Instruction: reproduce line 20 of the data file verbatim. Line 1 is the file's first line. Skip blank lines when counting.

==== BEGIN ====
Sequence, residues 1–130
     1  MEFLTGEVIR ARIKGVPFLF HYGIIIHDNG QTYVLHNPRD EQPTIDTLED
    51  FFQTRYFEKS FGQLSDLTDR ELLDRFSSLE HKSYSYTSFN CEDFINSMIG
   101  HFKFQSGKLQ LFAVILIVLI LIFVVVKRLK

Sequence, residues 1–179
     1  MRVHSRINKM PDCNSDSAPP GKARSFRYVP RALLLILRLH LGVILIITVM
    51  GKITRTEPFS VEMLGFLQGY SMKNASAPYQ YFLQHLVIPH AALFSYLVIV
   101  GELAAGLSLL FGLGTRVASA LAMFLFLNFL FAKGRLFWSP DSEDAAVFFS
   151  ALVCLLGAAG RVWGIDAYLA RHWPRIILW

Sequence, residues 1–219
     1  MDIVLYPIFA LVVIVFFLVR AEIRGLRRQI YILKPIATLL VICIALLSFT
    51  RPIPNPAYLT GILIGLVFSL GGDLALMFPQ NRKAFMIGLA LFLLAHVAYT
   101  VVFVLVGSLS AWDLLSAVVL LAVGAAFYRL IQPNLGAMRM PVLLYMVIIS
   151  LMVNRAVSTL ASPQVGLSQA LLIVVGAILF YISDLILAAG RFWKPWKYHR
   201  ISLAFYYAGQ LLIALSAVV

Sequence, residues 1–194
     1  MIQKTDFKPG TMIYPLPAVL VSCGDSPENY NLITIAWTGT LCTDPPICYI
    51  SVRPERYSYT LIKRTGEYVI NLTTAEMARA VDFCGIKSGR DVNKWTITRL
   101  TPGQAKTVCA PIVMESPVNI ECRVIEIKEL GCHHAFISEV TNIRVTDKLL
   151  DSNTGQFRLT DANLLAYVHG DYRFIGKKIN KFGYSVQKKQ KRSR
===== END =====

   151  DSNTGQFRLT DANLLAYVHG DYRFIGKKIN KFGYSVQKKQ KRSR